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    I lightly weather all my rolling stock with an airbrush wash of assorted dirty colors. Hemi is right, out West most rolling stock is weathered. Here are two fairly random shots of some equipment rolling around and through Denver...
     

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  10. MP333

    MP333 TrainBoard Supporter

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    Yes, I see some pretty rough equipment go by out here in the west. I model 1972, and from the photos I research there was a lot of equipment beat to heck back then.
    My biggest problem with weathering cars is that it is just so darn much fun to weather the daylights out of cars. Maybe overdone, but it's hard to stop sometimes. A good rule is to stop well before you think you should stop.
     
  11. SteveM76

    SteveM76 TrainBoard Member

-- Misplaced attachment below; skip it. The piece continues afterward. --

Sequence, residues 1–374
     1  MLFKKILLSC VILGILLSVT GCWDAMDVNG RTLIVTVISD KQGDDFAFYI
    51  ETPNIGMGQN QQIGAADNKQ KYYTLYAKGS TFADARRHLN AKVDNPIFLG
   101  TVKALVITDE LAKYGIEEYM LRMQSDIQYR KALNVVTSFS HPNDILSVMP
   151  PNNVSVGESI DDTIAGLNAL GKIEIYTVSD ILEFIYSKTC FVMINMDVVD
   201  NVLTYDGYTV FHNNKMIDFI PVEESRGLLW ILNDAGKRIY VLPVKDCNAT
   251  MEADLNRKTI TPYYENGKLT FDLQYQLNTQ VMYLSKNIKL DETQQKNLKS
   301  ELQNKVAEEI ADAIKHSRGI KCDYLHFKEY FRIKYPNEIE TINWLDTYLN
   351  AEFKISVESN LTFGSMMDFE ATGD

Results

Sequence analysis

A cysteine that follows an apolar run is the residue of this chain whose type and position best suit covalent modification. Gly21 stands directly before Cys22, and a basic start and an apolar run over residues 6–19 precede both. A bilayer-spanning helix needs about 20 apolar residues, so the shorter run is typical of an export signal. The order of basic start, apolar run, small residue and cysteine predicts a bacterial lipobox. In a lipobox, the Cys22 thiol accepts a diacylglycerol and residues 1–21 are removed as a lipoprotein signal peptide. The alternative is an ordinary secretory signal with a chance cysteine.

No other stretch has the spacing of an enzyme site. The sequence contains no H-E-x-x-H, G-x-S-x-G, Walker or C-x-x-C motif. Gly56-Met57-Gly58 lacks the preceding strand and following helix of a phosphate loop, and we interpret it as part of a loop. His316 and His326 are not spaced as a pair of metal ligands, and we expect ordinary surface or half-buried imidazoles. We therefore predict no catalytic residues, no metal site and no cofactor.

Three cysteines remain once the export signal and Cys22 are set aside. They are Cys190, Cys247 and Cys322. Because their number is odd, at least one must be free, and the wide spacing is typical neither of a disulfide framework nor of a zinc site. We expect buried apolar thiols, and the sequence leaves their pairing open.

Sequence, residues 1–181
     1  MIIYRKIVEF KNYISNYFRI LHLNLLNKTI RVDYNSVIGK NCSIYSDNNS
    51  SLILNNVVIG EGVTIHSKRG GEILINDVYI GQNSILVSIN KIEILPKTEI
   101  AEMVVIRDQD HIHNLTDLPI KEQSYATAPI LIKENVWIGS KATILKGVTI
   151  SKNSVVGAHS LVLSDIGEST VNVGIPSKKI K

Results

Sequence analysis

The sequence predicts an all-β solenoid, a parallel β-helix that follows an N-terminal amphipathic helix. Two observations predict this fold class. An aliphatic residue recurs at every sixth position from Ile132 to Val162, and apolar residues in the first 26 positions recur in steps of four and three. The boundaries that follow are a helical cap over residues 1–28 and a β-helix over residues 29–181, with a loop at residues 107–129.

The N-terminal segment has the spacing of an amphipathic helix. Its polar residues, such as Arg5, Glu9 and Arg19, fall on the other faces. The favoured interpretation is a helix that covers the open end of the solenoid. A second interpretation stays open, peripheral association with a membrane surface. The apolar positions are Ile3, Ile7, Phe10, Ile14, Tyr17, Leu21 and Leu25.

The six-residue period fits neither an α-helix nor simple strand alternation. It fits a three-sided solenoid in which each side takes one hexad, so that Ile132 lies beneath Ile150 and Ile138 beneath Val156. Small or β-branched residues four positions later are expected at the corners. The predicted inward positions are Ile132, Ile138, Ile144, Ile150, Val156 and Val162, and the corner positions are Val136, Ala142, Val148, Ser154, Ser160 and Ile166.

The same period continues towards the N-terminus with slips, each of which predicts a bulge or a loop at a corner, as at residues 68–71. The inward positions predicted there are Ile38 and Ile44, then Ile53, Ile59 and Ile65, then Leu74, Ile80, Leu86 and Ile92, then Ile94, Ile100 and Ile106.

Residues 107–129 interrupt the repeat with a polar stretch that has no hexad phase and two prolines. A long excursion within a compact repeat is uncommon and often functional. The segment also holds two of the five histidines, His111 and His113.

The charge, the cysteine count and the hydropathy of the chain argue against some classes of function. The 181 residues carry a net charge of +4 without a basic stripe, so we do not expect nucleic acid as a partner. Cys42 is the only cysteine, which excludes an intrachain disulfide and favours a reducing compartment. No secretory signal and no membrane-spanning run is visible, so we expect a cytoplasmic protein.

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    It is my goal to weather everything to approximately the same degree. Anything more or less just looks out of place in the model world although it happens in real life. A shiny new car will attract just as much attention as a heavily weathered one. Keeping everything medium just looks right to me.
     
  12. ctxm

    ctxm TrainBoard Member

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    I think if one wants to run weathered cars it is necessary to learn to do them yourself. Paying someone to do your hobby for you seems a bit weird? and at the prices the good ones bring I don't see how anyone could justify spending the money for a whole layout full of them anyway?